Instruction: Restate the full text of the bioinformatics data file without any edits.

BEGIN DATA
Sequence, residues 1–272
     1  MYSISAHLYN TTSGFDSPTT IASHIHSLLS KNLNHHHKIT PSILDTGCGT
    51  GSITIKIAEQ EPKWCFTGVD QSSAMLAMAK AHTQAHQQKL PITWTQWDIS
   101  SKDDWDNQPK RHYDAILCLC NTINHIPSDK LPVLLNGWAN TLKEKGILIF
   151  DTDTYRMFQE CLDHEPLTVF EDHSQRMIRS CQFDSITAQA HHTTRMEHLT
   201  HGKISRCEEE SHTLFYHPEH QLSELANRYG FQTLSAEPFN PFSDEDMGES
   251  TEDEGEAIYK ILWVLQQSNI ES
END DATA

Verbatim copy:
Sequence, residues 1–272
     1  MYSISAHLYN TTSGFDSPTT IASHIHSLLS KNLNHHHKIT PSILDTGCGT
    51  GSITIKIAEQ EPKWCFTGVD QSSAMLAMAK AHTQAHQQKL PITWTQWDIS
   101  SKDDWDNQPK RHYDAILCLC NTINHIPSDK LPVLLNGWAN TLKEKGILIF
   151  DTDTYRMFQE CLDHEPLTVF EDHSQRMIRS CQFDSITAQA HHTTRMEHLT
   201  HGKISRCEEE SHTLFYHPEH QLSELANRYG FQTLSAEPFN PFSDEDMGES
   251  TEDEGEAIYK ILWVLQQSNI ES